Jesus never gives a straight answer. Tell us, his enemies demand, Are you the Christ? Frequently, He refuses to answer, and when He gives an answer, He says things like “You have said” and “You say that I am.” Maddening.
Jesus could have preemptively silenced a century and more of scholarly debate with a simple declarative sentence. Something along the lines of “I am the Christ, the only-begotten Son of God,…”
[Jesus’ deliberate indirection] reveals the supreme modesty of a God who creates a world of such magnetic beauty that it can tempt us to idolatry, and then hides Himself away. — Indirection, Peter J Leithart
I was thinking about this over Easter, about the resurrection and how I might have handled it differently if I had been Jesus.
After leaving the tomb, Jesus quietly stole away to Galilee where he later met with his disciples behind closed doors.
I would have gone directly to the Temple and presented myself to the religious leaders as a kind of in-your-face show of force to put them in their place.
In fact, Jesus commanded something like that when he healed the 10 lepers.
And as he entered a village, he was met by ten lepers, who stood at a distance and lifted up their voices, saying, “Jesus, Master, have mercy on us.” When he saw them he said to them, “Go and show yourselves to the priests.” And as they went they were cleansed. — Luke 17:12-14, NLT
This turns out to be a response to Leviticus 13. By presenting themselves to the priest, these former lepers would be declared clean and reunited with the community of faith.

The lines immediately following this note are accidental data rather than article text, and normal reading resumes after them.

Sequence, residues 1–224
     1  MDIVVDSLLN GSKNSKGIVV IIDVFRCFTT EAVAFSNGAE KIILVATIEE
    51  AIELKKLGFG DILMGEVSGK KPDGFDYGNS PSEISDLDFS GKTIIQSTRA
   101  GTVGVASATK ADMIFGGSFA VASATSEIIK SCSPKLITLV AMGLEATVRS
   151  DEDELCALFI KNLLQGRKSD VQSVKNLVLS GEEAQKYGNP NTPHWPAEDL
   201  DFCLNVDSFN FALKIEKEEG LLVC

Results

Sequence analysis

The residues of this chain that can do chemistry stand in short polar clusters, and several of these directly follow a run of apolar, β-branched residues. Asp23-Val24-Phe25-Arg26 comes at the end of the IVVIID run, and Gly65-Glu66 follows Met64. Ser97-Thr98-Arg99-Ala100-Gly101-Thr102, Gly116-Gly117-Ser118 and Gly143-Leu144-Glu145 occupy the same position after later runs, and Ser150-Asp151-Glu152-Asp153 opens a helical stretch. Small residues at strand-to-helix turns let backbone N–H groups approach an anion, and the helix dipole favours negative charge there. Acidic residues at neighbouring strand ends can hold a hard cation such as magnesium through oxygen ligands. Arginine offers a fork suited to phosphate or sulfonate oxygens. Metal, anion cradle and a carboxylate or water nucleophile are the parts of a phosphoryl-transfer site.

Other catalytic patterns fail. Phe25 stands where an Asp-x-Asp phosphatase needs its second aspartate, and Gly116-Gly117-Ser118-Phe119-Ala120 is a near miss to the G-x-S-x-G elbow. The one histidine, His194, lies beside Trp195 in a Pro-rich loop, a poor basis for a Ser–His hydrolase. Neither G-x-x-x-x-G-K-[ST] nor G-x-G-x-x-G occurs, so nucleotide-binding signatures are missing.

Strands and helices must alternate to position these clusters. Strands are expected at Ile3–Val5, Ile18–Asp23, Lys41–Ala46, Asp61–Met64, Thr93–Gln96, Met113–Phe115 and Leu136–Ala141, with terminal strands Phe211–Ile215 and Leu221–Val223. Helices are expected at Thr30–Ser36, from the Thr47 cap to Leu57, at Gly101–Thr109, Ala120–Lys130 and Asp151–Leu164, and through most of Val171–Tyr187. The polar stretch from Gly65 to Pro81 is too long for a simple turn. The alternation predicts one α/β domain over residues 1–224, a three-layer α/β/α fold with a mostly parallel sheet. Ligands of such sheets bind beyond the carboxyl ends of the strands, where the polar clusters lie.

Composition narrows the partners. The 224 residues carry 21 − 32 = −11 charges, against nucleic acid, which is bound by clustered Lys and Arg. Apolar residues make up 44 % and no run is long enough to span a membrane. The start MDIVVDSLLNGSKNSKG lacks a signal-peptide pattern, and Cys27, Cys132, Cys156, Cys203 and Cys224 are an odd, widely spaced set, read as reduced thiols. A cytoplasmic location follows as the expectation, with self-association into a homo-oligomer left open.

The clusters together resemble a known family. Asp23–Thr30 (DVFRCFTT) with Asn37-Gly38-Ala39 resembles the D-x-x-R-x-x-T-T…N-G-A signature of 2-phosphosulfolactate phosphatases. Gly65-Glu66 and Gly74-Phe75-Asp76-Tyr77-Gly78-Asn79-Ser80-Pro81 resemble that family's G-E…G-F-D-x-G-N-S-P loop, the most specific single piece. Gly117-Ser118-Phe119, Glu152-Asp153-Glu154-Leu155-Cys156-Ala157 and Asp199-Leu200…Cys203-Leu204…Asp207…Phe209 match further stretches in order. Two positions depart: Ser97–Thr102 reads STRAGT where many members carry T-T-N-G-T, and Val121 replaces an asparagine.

But Jesus neither needed approval, nor did he seem interested in confronting the ones who had sent him to the cross.
Still, wouldn’t it have been better for us today if he announced his resurrection publicly? Wouldn’t it have helped to erase the doubts of future generations?
Dietrich Bonhoeffer said something interesting about this:
The one consistent witness of all these accounts, as divergent as they are in telling what occurred and was experienced here, is that the Resurrected [Jesus] appeared not to the world, but only to his followers (Acts 10:40ff). Jesus does not present himself to some impartial authority to attest before the world the miracle of his resurrection, thus coercing the world to acknowledge him. … The world, as it were, sees only the negative, the earthly impression of the divine miracle. It sees the empty tomb. …
It is the blessing of Jesus Christ that he does not yet reveal himself visibly to the world, for the very moment that happened would be the end and thus the judgment on unbelief. So the Resurrected withdraws from any visible salvaging of his honor before the world. — Meditations on the Cross, “Resurrection,” Dietrich Bonhoeffer
Thus, the ambiguity of the empty tomb is in fact a special grace. Had Jesus taken away that ambiguity, our belief in him would have been “coerced,” to use Bonhoeffer’s term. Why is that?
If the sovereign Creator reveals himself to us unambiguously, we creatures lose any opportunity to doubt or question of vacillate. Face to face with the Truth, our only choice would be to bow down and worship, or to set ourselves against God. The Sovereign cannot be refused.
Whereas, the parables, the artful dodging in Jesus’ words, the negative evidence of the empty tomb, these leave us with some uncertainty about what we may have seen and heard. Uncertainty, in turn, grants us the grace of time to think, to seek him out, to sift the evidence. That very grace of time has made it possible for generations to come to him at their own pace, in their own time.
By choosing not to “[salvage] his honor before the world,” as Bonhoeffer puts it, God in Christ Jesus has given the world a very important gift — time, to tell the story of the empty tomb to every generation, to the farthest corners of the earth. Perhaps Jesus’ frustrating indirection has given untold millions an opportunity they wouldn’t have otherwise had, to seek and find Him.
Illustration credit: Supper at Emmaus, Hendrick Terbrugghen, 1621